US economy puts 2011 budget at risk

As the University’s budget request for Fiscal Year 2011 (FY11) is prepared for submission to the Board of Trustees, some analysts are worried about its upcoming challenges.

The request will be presented to the Board of Trustees on Nov. 12. It includes provisions for all three campuses in the University of Illinois system.

The budget request tries to blend basic need with reality, said Randy Kangas, associate vice president of the University Office for Planning and Budgeting.

“We used to make eight or nine priority areas, now we’ve brought the focus to a few critical areas,” Kangas said. “Our priorities are a salary program, facility maintenance like building restoration, and strategic priorities.”

Kangas said those strategic priorities include the Petascale Computing Facility, a data center that houses a supercomputer for scientific research.

He added that he is not very confident the budget requests will be met.

“Although the state knows a budget reduction does impact the quality of our campuses, they just have more legitimate needs than the fiscal capacity to meet them,” he said.

Kangas said the U.S. economy will impact the FY11 budget.

“Some think we’re out of the recession; some disagree,” Kangas said. “Either way state revenues are continuing to decline.”

According to Mike Andrechak, associate provost in Budgets and Resource Planning at the University, $45.5 million in general revenue from Fiscal Year 2010’s budget has been replaced by federal stimulus funds, which won’t exist next year.

“Our budget looks from a state perspective like we have not changed,” Andrechak said. “However, a significant portion of the budget is at risk unless the state has the capacity to replace the stimulus funds with general revenue funds in FY11.”

If there is a cut between five and 15 percent like some speculate, it will be devastating for the College of Education, said Barbara Geissler, the college’s director of the Budget Office.

“Our spending is mainly personnel, and a cut of any size will impact our staffing,” she said.

In order to save money, Kangas said none of the three universities in the system are purchasing as many computers, allowing as much travel, or supporting as many activities as before.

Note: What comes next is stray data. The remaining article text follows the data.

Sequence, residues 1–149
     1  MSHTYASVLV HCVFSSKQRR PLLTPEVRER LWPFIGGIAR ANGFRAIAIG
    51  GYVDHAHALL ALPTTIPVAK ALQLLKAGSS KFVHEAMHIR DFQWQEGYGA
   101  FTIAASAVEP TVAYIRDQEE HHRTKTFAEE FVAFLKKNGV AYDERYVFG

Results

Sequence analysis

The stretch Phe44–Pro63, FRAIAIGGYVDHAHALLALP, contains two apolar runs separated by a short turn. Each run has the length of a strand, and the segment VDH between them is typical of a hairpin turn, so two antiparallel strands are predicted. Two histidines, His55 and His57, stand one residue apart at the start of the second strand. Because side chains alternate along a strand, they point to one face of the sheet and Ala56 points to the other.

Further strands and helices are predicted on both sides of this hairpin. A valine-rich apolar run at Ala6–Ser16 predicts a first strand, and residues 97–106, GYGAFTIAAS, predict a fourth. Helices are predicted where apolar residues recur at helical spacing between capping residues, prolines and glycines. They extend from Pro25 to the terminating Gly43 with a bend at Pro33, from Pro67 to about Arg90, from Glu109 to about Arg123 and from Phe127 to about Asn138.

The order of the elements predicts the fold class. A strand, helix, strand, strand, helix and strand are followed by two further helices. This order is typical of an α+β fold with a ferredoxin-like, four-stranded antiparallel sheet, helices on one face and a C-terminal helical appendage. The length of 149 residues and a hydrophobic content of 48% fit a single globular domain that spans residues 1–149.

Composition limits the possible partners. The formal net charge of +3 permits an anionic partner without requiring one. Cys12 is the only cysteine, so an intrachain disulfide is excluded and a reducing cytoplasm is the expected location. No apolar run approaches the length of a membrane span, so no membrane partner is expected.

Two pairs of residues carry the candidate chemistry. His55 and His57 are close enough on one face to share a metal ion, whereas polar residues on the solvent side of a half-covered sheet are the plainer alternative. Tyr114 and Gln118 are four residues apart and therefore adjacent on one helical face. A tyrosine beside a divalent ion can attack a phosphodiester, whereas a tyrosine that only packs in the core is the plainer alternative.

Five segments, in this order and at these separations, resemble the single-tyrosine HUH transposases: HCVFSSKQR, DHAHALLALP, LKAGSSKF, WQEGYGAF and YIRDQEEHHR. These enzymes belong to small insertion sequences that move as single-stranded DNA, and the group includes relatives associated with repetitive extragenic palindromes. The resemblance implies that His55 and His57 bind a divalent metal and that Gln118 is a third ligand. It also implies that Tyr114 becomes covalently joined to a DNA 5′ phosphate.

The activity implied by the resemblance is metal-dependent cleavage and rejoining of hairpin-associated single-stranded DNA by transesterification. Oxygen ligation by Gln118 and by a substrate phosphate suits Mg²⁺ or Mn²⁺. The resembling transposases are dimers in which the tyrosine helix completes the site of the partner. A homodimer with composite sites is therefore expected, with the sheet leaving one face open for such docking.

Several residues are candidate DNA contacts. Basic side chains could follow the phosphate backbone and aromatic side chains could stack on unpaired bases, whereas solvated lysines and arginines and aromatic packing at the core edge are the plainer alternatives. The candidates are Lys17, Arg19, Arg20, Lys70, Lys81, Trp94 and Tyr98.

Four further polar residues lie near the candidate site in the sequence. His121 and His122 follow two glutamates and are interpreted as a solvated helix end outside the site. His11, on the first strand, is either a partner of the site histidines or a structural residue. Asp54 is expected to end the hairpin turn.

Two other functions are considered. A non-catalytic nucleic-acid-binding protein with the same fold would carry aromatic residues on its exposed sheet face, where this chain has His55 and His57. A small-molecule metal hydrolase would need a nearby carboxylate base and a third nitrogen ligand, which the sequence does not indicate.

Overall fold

The College of Education has taken many steps in anticipation of a cut, Geissler said.

“We have set up online courses to help revenue generation,” she said. “Each department has set up a planning strategy for faculty to encourage external funding like grants. Instead of refilling some open positions, we created a service from other departments to share responsibilities.”

Andrechak said the Office of the Provost has met with the leadership of each college to ask them to develop plans to protect academic quality while reducing costs. He said the support the University provides for all of its activities is less than is ideal for an institution of this quality.

“Our facilities are not as well maintained as they should be,” he said. “Students have more trouble filling their schedules than they should. But these are the inevitable and predictable consequences of the kind of budget cuts we have faced in earlier years.”

Despite the University’s attempts to maintain quality, increased class size, less class choices and availability were inevitable, Anderchak said.

Despite the budget’s looming problems, Andrechak said the University is not alone in the fiscal crisis.

“These challenges are being faced throughout the nation,” Andrechak said. “We have a very high quality student body, faculty body, and staff support. So we have very intelligent, high quality organizations. We’ll draw on the intelligence of these organizations in meeting these challenges as we move forward.”